Brian Ashton cannot for the life of him work out why his red rose charges spent their most recent game – a flaky Six Nations victory over Italy in Rome – ignoring perhaps the least ignorable man in professional rugby: a 6ft 2in, spectacularly coiffeured wing from Tonga known to all and sundry as "the Volcano". In fact, the coach has gone so far as to suggest that during the course of a thoroughly awkward afternoon at Stadio Flaminio, Lesley Vainikolo was the only England player making sense.
Asked whether rugby union's latest capture from big-time rugby league might have worked just a little harder in leaving his wing in search of some action against an Italian side vulnerable to any injection of pace in broken field, Ashton promptly turned the question on its head. "Yes, Lesley spent a large part of that game on his wing, alone," he replied. "The fact that he was alone meant he was unmarked. I think he got it right, not wrong. What concerns me is our failure to recognise it. I wouldn't blame Lesley for the fact that we did not get the ball to him."
Vainikolo has played the best part of two full international matches for the second of his adopted countries – as a league specialist, he won Test honours for New Zealand before crossing codes last year – and leaving aside the inspired early touch that led to Toby Flood's try against Wales on the first day of Six Nations business, he has not achieved a fat lot. It might even be argued that he has fallen victim to the law of diminishing returns at an earlier stage than any player in history. His first serious game of union for Gloucester yielded him five tries. Since then? Er, um.
This weekend, he enters uncharted waters. The French may lack experience in the key decision-making areas of their side, but in the back three, they are positively state of the art. Vainikolo's direct opponent in Paris on Saturday night will be the substantial Aurélien Rougerie, who concedes little in the vital statistics department. Alongside him will be the twin stilettos of Toulouse, the left-wing Vincent Clerc and the full-back Cedric Heymans. As Andy Robinson, the former England coach, pointed out in these pages a couple of weeks ago, Vainikolo has yet to reveal a skill-set to rival the form backs in European rugby. If he is not very careful, the Volcano could be rendered extinct during the course of this contest.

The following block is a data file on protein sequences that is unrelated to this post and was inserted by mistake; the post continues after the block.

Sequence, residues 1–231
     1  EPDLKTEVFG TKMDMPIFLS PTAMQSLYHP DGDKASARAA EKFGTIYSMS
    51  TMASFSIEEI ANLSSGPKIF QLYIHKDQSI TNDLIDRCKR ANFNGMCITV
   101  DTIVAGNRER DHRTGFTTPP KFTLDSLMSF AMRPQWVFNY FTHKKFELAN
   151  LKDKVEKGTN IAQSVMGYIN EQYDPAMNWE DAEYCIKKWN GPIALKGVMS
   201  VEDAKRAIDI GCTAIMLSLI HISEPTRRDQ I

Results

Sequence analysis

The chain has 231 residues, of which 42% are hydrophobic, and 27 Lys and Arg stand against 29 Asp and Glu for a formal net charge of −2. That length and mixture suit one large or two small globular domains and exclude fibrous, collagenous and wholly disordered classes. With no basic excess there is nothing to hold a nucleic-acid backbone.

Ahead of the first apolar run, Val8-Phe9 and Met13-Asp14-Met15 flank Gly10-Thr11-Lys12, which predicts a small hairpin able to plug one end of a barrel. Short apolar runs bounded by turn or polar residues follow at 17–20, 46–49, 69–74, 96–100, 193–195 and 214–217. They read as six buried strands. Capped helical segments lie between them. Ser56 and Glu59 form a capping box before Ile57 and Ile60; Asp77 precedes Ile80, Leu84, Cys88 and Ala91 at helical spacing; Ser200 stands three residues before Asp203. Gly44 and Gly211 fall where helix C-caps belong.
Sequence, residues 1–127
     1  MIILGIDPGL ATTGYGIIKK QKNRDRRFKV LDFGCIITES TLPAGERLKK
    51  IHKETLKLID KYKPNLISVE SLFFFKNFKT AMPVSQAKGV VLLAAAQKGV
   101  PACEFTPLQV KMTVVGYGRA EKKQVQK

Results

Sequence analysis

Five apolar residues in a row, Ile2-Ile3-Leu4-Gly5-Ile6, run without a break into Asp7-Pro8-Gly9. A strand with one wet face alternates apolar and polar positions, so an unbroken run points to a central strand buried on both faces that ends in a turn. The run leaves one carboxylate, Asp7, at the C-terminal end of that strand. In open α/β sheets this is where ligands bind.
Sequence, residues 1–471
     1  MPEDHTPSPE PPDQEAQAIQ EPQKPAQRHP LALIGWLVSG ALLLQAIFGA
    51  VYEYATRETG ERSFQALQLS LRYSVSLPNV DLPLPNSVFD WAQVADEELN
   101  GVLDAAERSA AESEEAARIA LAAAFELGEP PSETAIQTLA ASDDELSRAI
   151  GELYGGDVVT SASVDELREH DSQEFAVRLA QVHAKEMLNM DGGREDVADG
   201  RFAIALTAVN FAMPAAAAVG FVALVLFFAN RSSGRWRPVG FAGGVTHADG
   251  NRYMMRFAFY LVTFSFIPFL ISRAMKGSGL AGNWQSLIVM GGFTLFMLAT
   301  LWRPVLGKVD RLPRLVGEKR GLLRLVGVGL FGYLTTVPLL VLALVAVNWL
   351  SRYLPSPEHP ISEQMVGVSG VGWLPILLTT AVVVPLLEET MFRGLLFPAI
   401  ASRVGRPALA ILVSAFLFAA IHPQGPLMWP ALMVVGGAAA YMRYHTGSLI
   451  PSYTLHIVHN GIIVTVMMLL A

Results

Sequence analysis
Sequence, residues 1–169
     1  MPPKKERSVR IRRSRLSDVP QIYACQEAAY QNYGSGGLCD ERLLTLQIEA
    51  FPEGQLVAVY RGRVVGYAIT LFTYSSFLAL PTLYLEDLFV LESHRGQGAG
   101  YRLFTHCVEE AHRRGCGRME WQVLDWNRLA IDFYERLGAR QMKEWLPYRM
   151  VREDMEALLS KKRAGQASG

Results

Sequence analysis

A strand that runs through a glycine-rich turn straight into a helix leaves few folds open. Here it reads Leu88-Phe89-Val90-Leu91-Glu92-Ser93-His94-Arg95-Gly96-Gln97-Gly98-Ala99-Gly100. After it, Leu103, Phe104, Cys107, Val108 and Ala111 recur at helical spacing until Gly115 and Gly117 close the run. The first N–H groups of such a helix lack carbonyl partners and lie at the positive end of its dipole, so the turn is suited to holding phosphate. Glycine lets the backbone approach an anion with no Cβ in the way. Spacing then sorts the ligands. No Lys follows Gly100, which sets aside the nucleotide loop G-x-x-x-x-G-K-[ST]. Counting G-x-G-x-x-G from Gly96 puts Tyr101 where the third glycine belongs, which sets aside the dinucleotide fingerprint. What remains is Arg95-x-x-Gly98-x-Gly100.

"Those three players are the attacking force of the French team," agreed Mike Ford, the England defence coach. "They're on fire, aren't they? But I expect Lesley to handle whatever he's required to handle, even though he won't have come up against a combination of this quality during his time in union."
Had David Strettle, the polar opposite to Vainikolo in terms of style, not re-fractured one of those damned metatarsal things early in the game against Wales, the debate over the newcomer's capacity to survive trial by Tricolore would not be as intense. Ashton planned to use him off the bench during this tournament, preferably when games were safely in the bag. It was not the coach's fault – or, indeed, Vainikolo's – that Strettle broke down when he did.
But it is as it is. Despite the presence in the squad of Mark Cueto, who played on the left wing in last autumn's World Cup final, Vainikolo does not appear under any great pressure for his place. That could change if Ashton abandons his hard line against Josh Lewsey of Wasps, but it is more likely that Tom Varndell of Leicester will play his way into the frame for the summer tour of New Zealand.
By which time Vainikolo may or may not have justified the hype that surrounded his move to Gloucester from Bradford Bulls. Last weekend, he found himself in the thick of a rabid West Country derby at Bristol and made all the impact of a damp halibut until he successfully chased a streaker from the field. If he is the man caught with his pants down in Paris on Saturday, the England selectors, already being pressed to drop some of their senior personnel, will have one more problem on their hands.Reuse content